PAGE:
Hardly a day passes without reference to the rise of on line shopping and how it will affect the retail landscape.
Last week we heard that Morrisons supermarket are paying £170m to Ocado for their depot in Warwickshire, a further £30m to license their technology, plus 1% of any Morrisons online sales and 25% of any cash profits. They also threw in £46m to expand the Warwick depot, and a contribution to Research and Development costs.
Whether one thinks that Morrisons are out of their minds to get involved with Ocado, whose business model is far from a successful example of how to compete in online grocery retailing, or whether your view might be that this is an excellent move for all concerned, what is unarguable is that Morrisons felt so pressurised about the adverse impact of not being on line that they were prepared to pay handsomely for a way in.
Today the Centre for Retailing Research heaped on the pressure by publishing a report claiming that the percentage of sales made on line will rise from 12.7% in 2012 to 21.5% sometime between 2018 and the end of the decade.
They make the chilling prediction that the rise will result in a loss of some 316,000 jobs, that total store numbers will fall by 22% from 281,930 today to 220,000, and that a further 164 major or medium sized companies will go into administration.
As ever it is the consumer who is driving the change. Shoppers’ way of buying has changed out of all recognition in just a few years. Nowadays, having read up all the reviews about a potential product on line, they can choose to visit a store and buy then and there, (having just checked on their smartphone that the prices on offer cannot be beaten by a competing store).Or they can use the store to see what a product looks and feels like and then go home and buy online. Even then they have a choice – to have the product delivered to their home or, rather than wait in, to collect at a convenient specified outlet.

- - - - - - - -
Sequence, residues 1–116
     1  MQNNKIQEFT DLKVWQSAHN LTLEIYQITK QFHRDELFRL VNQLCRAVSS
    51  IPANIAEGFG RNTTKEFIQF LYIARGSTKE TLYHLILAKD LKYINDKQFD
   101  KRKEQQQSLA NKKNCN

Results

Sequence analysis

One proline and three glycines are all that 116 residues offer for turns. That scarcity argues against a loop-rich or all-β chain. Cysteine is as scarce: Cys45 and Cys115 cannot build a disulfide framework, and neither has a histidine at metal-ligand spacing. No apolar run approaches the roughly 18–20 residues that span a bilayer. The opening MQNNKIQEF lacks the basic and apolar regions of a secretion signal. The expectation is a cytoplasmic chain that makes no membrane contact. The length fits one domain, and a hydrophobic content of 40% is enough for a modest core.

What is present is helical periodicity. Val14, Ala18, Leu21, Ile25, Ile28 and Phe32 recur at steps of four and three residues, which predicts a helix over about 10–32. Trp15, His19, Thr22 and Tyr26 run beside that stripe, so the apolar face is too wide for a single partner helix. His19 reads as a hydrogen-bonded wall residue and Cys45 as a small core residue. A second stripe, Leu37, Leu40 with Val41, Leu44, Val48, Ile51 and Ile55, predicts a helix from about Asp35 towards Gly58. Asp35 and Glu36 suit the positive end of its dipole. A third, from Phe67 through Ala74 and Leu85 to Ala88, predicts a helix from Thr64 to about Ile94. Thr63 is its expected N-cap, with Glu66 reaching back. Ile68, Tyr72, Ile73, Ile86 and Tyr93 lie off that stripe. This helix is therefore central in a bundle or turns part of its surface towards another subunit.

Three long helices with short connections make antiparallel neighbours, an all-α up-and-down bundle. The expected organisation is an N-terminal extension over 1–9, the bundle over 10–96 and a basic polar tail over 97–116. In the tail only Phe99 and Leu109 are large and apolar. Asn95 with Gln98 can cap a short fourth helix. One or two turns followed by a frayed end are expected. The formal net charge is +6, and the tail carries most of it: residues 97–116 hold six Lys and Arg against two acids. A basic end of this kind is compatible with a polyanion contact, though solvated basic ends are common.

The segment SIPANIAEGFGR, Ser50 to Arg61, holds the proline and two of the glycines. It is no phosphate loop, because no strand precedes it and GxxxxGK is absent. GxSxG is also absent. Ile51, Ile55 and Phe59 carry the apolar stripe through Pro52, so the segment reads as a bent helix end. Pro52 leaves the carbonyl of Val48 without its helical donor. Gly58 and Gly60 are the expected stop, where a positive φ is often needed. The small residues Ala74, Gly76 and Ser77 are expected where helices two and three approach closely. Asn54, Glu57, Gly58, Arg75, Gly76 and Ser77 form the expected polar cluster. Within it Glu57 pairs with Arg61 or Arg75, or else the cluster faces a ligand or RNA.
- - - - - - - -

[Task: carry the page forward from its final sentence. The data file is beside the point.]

As to food, the Centre concedes that purchasing food online has not exploded on the same way as other sectors, but predicts that online food sales will rise from 3.7% today to 9.5% by 2018, largely driven by the supermarkets investing heavily in this way of shopping.
There are substantial obstacles to overcome. There are reasons why shoppers have not enthusiastically embraced the internet to buy food.
The IGD tells us that consumers are still worried about the quality of fresh food bought on line, and that this remains one of the biggest barriers. 2 in 5 shoppers want longer shelf lives on products but this alone will not solve it. The taste and look of fresh products bought online continues to be highly variable.
Reliable delivery times are also critical, as is confidence that what is ordered will be what arrives on the doorstep. 90% of online shoppers report that a reliable delivery service is a major factor in deciding which supermarket to buy from.
And of course, prices and promotions must at least match what is happening in the store itself.
Buying groceries on line is not yet the ingrained behaviour that is evident in other categories. Most people shop online every now and then. Others have a more regular approach. But very few buy weekly, and the number doing so is dropping.
There are many problems to solve, not least that online as a way of retailing groceries is much less profitable than via the store.
It would seem though that all involved in selling food need to factor in the online issues when they review their business strategies.